2021年6月27日 星期日

[ Python 常見問題 ] How do I detect whether a Python variable is a function?

 Source From Here

Question
I have a variable, x, and I want to know whether it is pointing to a function or not.

I had hoped I could do something like:
  1. >>> isinstance(x, function)  
But that gives me:
  1. Traceback (most recent call last):  
  2.   File "<stdin>", line 1, in ?  
  3. NameError: name 'function' is not defined  
The reason I picked that is because
  1. >>> type(x)  
  2. <type 'function'>  
HowTo
If this is for Python 2.x or for Python 3.2+, you can use callable(). It used to be deprecated, but is now undeprecated, so you can use it again. You can read the discussion here: http://bugs.python.org/issue10518. You can do this with:
If this is for Python 3.x but before 3.2, check if the object has a __call__ attribute. You can do this with:
  1. hasattr(obj, '__call__')  
The oft-suggested types.FunctionType or inspect.isfunction approach (both do the exact same thingcomes with a number of caveats. It returns False for non-Python functions. Most builtin functions, for example, are implemented in C and not Python, so they return False:
  1. >>> isinstance(open, types.FunctionType)  
  2. False  
  3. >>> callable(open)  
  4. True  
so types.FunctionType might give you surprising results. The proper way to check the properties of duck-typed objects is to ask them if they quack, not to see if they fit in a duck-sized container.

[ Python 常見問題 ] How do I merge two dictionaries in a single expression?

 Source From Here

Question
I have two Python dictionaries, and I want to write a single expression that returns these two dictionaries, merged (i.e. taking the union). The update() method would be what I need, if it returned its result instead of modifying a dictionary in-place:
  1. >>> x = {'a'1'b'2}  
  2. >>> y = {'b'10'c'11}  
  3. >>> z = x.update(y)  
  4. >>> print(z)  
  5. None  
  6. >>> x  
  7. {'a'1'b'10'c'11}  
How can I get that final merged dictionary in z, not x?

HowTo
For dictionaries x and yz becomes a shallowly merged dictionary with values from y replacing those from x.

In Python 3.9.0 or greater (released 17 October 2020):
PEP-584discussed here, was implemented and provides the simplest method:
  1. >>> x = {'a'1'b'2}  
  2. >>> y = {'b:'10'c'11}  
  3. >>> z = x | y  
  4. >>> z  
  5. {'a'1'b'2'b:'10'c'11}  
In Python 3.5 or greater:
  1. >>> x = {'a'1'b'2}  
  2. >>> y = {'b:'10'c'11}  
  3. >>> z = {**x, **y}  
  4. >>> z  
  5. {'a'1'b'2'b:'10'c'11}  
In Python 2, (or 3.4 or lower) write a function:
  1. def merge_two_dicts(x, y):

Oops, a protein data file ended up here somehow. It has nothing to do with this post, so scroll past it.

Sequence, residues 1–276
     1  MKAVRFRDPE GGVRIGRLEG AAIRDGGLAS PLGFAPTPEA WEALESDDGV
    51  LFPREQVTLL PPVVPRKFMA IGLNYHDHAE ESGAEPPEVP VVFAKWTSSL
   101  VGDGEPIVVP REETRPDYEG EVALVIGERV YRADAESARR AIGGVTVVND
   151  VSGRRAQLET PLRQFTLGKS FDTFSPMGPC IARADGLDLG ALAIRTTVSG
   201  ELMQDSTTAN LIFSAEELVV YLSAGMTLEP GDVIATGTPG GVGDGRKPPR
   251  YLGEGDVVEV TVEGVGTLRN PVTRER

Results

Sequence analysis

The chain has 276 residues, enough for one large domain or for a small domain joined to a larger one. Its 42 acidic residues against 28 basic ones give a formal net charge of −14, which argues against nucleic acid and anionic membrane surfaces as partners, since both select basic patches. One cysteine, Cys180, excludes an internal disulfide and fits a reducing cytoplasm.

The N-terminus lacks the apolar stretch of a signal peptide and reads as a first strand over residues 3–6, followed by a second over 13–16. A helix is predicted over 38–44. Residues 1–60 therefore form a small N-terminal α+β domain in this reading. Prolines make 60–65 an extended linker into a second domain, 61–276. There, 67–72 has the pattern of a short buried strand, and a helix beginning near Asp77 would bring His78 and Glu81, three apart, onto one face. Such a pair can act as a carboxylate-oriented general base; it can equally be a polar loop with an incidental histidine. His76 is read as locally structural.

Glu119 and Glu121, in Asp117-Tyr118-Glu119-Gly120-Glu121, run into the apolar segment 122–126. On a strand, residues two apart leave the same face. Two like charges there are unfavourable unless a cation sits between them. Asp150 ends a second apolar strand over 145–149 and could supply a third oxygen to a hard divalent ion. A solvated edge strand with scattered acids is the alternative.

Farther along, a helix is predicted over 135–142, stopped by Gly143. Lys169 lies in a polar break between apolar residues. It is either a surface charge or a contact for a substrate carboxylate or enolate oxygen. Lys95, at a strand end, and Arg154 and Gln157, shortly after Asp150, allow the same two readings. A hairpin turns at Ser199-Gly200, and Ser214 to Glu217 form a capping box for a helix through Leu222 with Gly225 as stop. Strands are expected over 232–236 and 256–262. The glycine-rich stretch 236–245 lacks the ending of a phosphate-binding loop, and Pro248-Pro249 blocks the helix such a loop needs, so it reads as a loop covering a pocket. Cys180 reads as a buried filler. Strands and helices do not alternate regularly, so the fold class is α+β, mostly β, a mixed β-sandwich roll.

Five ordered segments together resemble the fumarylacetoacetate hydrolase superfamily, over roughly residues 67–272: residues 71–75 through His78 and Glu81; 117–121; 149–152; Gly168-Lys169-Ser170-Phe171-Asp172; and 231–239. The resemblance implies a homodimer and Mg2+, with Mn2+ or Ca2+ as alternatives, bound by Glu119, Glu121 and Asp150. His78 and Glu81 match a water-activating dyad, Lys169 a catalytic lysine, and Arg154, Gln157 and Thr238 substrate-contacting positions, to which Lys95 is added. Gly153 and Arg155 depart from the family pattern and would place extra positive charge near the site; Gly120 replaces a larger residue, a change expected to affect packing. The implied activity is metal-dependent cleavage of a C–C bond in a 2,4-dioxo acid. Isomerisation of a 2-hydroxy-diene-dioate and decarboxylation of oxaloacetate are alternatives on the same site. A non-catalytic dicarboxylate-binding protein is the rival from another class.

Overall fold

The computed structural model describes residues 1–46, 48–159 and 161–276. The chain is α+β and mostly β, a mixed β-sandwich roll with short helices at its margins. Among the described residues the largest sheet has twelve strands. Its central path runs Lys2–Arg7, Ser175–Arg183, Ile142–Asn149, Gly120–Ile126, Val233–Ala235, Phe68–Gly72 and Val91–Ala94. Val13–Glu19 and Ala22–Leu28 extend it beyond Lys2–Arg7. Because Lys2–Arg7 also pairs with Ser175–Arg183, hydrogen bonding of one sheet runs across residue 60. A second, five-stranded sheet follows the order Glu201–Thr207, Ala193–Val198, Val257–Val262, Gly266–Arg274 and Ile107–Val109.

2.     z = x.copy()   # start with x's keys and values  
  3.     z.update(y)    # modifies z with y's keys and values & returns None  
  4.     return z  
  5.   
  6. x = {'a'1'b'2}  
  7. y = {'b:'10'c'11}  
  8. z = merge_two_dicts(x, y)  


2021年6月22日 星期二

[Git 文章收集] Git commit --amend and other methods of rewriting history

 Source From Here

Intro
This tutorial will cover various methods of rewriting and altering Git history. Git uses a few different methods to record changes. We will discuss the strengths and weaknesses of the different methods and give examples of how to work with them. This tutorial discusses some of the most common reasons for overwriting committed snapshots and shows you how to avoid the pitfalls of doing so.

Git's main job is to make sure you never lose a committed change. But it's also designed to give you total control over your development workflow. This includes letting you define exactly what your project history looks like; however, it also creates the potential of losing commits. Git provides its history-rewriting commands under the disclaimer that using them may result in lost content.

Git has several mechanisms for storing history and saving changes. These mechanisms include: Commit --amendgit rebase and git reflog. These options give you powerful work flow customization options. By the end of this tutorial, you'll be familiar with commands that will let you restructure your Git commits, and be able to avoid pitfalls that are commonly encountered when rewriting history.

Changing the Last Commit: git commit --amend
The git commit --amend command is a convenient way to modify the most recent commit. It lets you combine staged changes with the previous commit instead of creating an entirely new commit.

It can also be used to simply edit the previous commit message without changing its snapshot. But, amending does not just alter the most recent commit, it replaces it entirely, meaning the amended commit will be a new entity with its own ref. To Git, it will look like a brand new commit, which is visualized with an asterisk (*) in the diagram below. There are a few common scenarios for using git commit --amend. We'll cover usage examples in the following sections:


Change most recent Git commit message
Let's say you just committed and you made a mistake in your commit log message. Running this command when there is nothing staged lets you edit the previous commit’s message without altering its snapshot. Premature commits happen all the time in the course of your everyday development. It’s easy to forget to stage a file or to format your commit message the wrong way. The --amend flag is a convenient way to fix these minor mistakes:
$ echo "test" > test.txt
$ git add test.txt